These are punchy, gutsy, fun songs that at times fly far and away from the work of other lyricist/composers. There are two key songs that really hit home for me.

Firstly, Zac Efron and singer Zendaya’s soaring duet ‘Rewrite the Stars’, in which they open up about the racism and class differences that stands in the way of their love. This song show a huge growth in confidence from the pair, helped out by some faultless choreography as this beautiful pair. The whole number is clever and as dazzlingly stages as the heavens they sing about, whip around the Barnum circus on a rope.

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Walking the high wire of social acceptance, Zac Efron and Zendaya fall in love at first trapeze sight in The Greatest Showman (2017). Image: 20th Century Fox.

The second is a very different number. Rebecca Ferguson stars as the real-life soprano Jenny Lind, whom Barnum managed for a tour of the states that made both of them multi-millionaires. Stood alone and covered in a ridiculously huge dress that cascades over the stage, she is practically immobile as she sings ‘Never Enough’ about how her vocal talent will never make her happy (its actually singer Loren Allred who delivers Ferguson’s chorus and verse).

It is deeply moving, stunning you into silence to stare fixedly at the screen and also sets the audience up to hear in the next scene about Lind’s own personal background (she was an illegitimate child. Her adult earnings are poured back into helping poor children in her native Sweden). The duality of the song (is she pining for handsome, but happily married Barnum?) has a simple but symphonic power.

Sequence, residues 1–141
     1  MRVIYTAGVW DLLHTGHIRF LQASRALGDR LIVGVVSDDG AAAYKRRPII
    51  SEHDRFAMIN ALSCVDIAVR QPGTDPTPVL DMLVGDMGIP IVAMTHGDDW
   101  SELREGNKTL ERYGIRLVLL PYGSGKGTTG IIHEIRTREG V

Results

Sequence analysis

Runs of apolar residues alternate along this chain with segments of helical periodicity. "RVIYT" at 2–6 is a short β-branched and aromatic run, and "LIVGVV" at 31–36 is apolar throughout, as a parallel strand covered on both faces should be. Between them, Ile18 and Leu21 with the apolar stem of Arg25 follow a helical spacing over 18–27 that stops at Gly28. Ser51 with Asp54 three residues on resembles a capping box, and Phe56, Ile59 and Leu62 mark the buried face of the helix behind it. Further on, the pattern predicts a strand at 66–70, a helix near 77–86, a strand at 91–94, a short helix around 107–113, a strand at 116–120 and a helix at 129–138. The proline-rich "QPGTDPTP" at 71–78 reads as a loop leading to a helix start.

Pasek and Paul are fast on their way to inheriting Rogers and Hammerstein’s musical genius mantle.

Jackman, who started out his career in musicals (the 1998 National Theatre revival of Oklahoma! is where his career got its first major boost) is high on charm, tune and sparkle as the man who might well be the progenitor of modern day PR razzmatazz.

He isn’t, for one blink of an eye, at all convincing as Barnum as a young man (Jackman looks his 49 years, but is still pleasing to the eye).

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Big guy in the big top: strapping Hugh Jackman as P.T. Barnum in The Greatest Showman (2017). Image: 20th Century Fox.

Returning from his few years away on the rail road, he looks like he has been gone for 40 years. It’s surprising that, as the focus of the film is on Barnum’s later years, a younger lookalike wasn’t used in these introductory moments.

Williams is sweet as his wife and the whole cast hardly put a foot wrong, with some exceptional star finds in the supporting cast, particularly Keala Settle as Bearded Lady Lettie Lutz. Settle sings her mighty, warm heart out about needing to find acceptance, comfort and family, even in Barnum’s cobbled together milieu of oddities and outcasts.

But then, all of life is a performance. From the dramatic or comic faces we project to those around us contrary to our real moods, to the social ‘dances’ we put ourselves through, The Greatest Showman covers a few of them.

From the circus and the clapping, roaring of the audience to the back stage drama, Jenny’s tremulous, emotionally brittle singing, the two-faced, snobbish ballet Barnum choreographs to ingratiate himself for acceptance or his daughter’s ballet recitals, we are all acting at some point.

And so, too, film critics who, like the theatre critic in Showman, profess a love for art, but can’t settle into their cinema seats, grab a bag of popcorn and enjoy a silly, dazzling, thoroughly enjoyable musical. Let’s hope I remember that advice for later reviews!

For more, see the official website.

Cast & credits

Director: Michael Gracey. 105mins. Chernin Entertainment/TSG Entertainment/20th Century Fox. (PG)

Producers: Peter Chernin, Laurence Mark, Jenno Topping.
Writers: Jenny Picks, Bill Condon.
Camera: Seamus McGarvey.
Music: John Debney, Joseph Trapanese.
Sets: Nathan Crowley.

Hugh Jackman, Michelle Williams, Zac Efron, Zendaya, Rebecca Ferguson, Austyn Johnson, Cameron Seely, Keala Settle, Sam Humphrey, Yahya Abdul-Mateen II, Eric Anderson.